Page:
After Elbrus and Kilimanjaro, I knew I can’t take Aconcagua lightly. At almost 7000m it’s the highest mountain outside of Asia and thus the second highest of the Seven Summits. Working full time, the time I had available for training was very limited. This was before covid hit either, so I actually had to commute to the office too, which is about an hour one way. So what can the man do if he only has so many hours in the day and he needs some sleep too, but training has to be done for Aconcagua?
While finding a professional trainer to get me into shape would’ve been the best, it’s not exactly trivial to find people who know what it takes physically to “stroll up” the highest mountain of South America, and even fewer could tell me how to train for it. So instead of trying to look for a trainer I decided to go my own way (based on what guides recommended me).
This meant that I was carrying weights. All the time. I started this for Elbrus, carrying 10kg weight on my commute every day and up the stairs to the 8th floor office. That’s how I crossed Mt Tanzawa and climbed the Houou mountains as well. After Tanzawa I decided to double the weight. While I respect the Northern Alps enough not to take weights on my autumn climbs there (Jonen range and Yari), I felt confident I could handle it on the routes I picked for Amagi and Otake.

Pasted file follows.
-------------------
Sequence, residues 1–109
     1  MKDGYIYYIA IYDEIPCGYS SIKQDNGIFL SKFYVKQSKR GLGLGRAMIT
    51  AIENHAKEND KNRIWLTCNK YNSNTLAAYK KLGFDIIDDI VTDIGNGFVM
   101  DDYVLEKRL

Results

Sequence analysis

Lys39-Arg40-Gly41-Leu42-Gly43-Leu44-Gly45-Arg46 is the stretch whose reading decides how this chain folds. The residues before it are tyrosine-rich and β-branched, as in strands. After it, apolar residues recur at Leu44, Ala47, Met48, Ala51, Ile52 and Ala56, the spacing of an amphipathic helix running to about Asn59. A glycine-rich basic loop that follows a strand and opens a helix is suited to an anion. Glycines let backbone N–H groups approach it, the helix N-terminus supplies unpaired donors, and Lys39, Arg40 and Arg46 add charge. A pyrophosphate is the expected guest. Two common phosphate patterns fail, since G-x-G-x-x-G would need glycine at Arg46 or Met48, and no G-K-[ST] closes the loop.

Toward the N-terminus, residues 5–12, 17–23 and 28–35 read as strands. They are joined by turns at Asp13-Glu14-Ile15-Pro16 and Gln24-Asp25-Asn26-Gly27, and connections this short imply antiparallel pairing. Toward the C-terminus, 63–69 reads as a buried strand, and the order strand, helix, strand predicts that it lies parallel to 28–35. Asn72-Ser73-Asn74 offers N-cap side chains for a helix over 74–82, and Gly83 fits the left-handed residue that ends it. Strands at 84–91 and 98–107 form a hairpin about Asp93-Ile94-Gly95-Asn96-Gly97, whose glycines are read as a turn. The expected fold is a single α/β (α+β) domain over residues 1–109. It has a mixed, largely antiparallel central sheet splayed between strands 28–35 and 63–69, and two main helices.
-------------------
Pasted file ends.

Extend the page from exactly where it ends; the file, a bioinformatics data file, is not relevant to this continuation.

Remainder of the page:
While I didn’t take weights on any more climbs until departing for Aconcagua, half a year of commuting with 20kg in my backpack sure had an effect on what my legs could endure.
I was also going to the gym every workday (except when drinking with coworkers) where I’d do strength training mostly with machines, but twice a week also bench presses, and I’d walk on a stepping machine or treadmill for half an hour to an hour with a 20kg weighted backpack again. Definitely not the most exciting training, but it’s a good way to clear my podcast backlog. I’d also go to a climbing gym 1-2 times a week (bouldering is fun). Furthermore I have a light and short jog every morning just to wake myself up.
In retrospect I think this wasn’t a bad training regime (especially the weight dayhikes) but I’d often push myself way too hard leaving me too exhausted to do anything really or worse, get sick from it. For my next climbs I’ll try to compose a better balanced training based on the book Training for the New Alpinism. The “killer core routine” from the book is pretty much all I can do at home anyway while the gyms are closed due to covid…